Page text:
The polity reformed as above should be enshrined in written and federal constitution. The written constitution will require a mechanism for its adaptation in the light of changed circumstances and challenges, but the writing will ensure more certain legal mechanisms for its observance than under our unwritten version. Federalism will prevent undue centralisation and block too frequent policy reversals by political factions.
Further Relevant Reading
Edmund Burke, ‘Speech to the Electors of Bristol at the Conclusion of the Poll’, in The Political Tracts and Speeches of Edmund Burke, Esq., Member of Parliament for the City of Bristol, Dublin, 1777, pp 345-355.
(See for the classic statement of the argument for representative democracy.)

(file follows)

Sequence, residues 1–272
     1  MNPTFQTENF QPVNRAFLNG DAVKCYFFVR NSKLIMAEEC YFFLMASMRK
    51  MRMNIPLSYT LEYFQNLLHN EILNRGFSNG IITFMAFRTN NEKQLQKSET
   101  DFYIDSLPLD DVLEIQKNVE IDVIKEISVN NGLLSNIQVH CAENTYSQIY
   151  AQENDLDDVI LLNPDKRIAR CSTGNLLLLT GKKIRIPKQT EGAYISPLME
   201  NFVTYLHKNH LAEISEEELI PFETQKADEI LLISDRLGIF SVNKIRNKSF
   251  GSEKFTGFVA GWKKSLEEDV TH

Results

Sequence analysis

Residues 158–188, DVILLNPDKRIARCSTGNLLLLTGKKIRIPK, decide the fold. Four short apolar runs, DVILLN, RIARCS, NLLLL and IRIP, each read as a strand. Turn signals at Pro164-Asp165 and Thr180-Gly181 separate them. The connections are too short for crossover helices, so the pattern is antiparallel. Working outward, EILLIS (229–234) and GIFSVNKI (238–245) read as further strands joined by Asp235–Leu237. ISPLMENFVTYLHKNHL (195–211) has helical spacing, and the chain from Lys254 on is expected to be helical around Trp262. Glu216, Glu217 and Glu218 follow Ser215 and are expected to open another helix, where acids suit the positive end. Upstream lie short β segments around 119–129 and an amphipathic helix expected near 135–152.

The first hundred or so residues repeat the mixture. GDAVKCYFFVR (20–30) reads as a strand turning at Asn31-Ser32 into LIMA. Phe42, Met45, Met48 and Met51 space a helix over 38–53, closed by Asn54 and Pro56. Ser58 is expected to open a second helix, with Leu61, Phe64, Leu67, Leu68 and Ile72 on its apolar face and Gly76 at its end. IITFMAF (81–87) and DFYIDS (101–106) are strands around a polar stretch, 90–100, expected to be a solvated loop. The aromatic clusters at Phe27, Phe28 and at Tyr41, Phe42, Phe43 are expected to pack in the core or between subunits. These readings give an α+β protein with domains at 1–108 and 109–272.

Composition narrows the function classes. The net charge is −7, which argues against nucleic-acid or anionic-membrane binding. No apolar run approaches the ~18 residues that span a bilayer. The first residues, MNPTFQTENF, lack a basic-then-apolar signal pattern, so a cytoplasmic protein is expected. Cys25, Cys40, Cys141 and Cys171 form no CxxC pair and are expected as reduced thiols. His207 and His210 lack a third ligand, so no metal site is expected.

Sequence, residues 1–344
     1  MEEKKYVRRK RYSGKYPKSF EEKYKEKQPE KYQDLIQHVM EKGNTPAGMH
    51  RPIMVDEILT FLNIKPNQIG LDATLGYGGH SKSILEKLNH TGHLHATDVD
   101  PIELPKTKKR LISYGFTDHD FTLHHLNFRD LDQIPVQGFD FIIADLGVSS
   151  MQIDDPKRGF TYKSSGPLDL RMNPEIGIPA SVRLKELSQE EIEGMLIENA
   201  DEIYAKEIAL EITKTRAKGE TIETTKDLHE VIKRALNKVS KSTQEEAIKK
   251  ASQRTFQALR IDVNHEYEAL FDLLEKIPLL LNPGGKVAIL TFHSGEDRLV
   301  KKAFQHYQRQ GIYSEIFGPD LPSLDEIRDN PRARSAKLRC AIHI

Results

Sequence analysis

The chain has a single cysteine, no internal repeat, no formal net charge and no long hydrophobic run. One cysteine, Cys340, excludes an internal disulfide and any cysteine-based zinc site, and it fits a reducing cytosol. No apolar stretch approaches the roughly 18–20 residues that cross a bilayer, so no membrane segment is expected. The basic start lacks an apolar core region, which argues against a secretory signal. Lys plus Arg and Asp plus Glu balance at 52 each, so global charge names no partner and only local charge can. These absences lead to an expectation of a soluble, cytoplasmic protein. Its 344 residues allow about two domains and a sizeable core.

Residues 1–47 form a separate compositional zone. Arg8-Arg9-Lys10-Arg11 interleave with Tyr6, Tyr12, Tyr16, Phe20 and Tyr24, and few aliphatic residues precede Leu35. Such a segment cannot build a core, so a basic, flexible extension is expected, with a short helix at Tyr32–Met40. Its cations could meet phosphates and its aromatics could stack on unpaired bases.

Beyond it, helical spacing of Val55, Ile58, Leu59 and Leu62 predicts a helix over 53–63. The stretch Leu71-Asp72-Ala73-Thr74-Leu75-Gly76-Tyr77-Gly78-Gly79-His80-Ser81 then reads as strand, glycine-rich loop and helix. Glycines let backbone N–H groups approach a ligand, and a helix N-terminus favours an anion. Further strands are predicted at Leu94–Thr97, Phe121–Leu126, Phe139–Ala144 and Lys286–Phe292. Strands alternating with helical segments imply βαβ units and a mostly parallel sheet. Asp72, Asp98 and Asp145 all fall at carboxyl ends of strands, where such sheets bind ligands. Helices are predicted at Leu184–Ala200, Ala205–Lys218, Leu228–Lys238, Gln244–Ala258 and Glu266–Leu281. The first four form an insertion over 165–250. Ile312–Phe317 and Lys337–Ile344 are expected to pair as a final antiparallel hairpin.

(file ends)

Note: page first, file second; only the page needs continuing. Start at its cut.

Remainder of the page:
Bernard Crick, In Defence of Politics, Weidenfeld & Nicolson, 1952, Bloomsbury, 2015
(See for a classic persuasive argument for the Aristotlean view of politics as ‘compromise’.)
Bernard Crick, Democracy: A Very Short Introduction, OUP, 2002
(See for the best introduction to democracy.)
Norman Davies, The Isles: A History, Macmillan, 1999
(This is the best treatment from an English historian in a general history of the Irish, Scottish and Welsh dimensions of ‘our island story’. It takes a critical view of English historiography and its ‘imperial’ distortions.)
AC Grayling, Democracy and Its Crisis, One World Publications, 2017
(The essential contemporary text dealing with our present situation.)
Robert Hazell, The English Question, Manchester University Press, 2012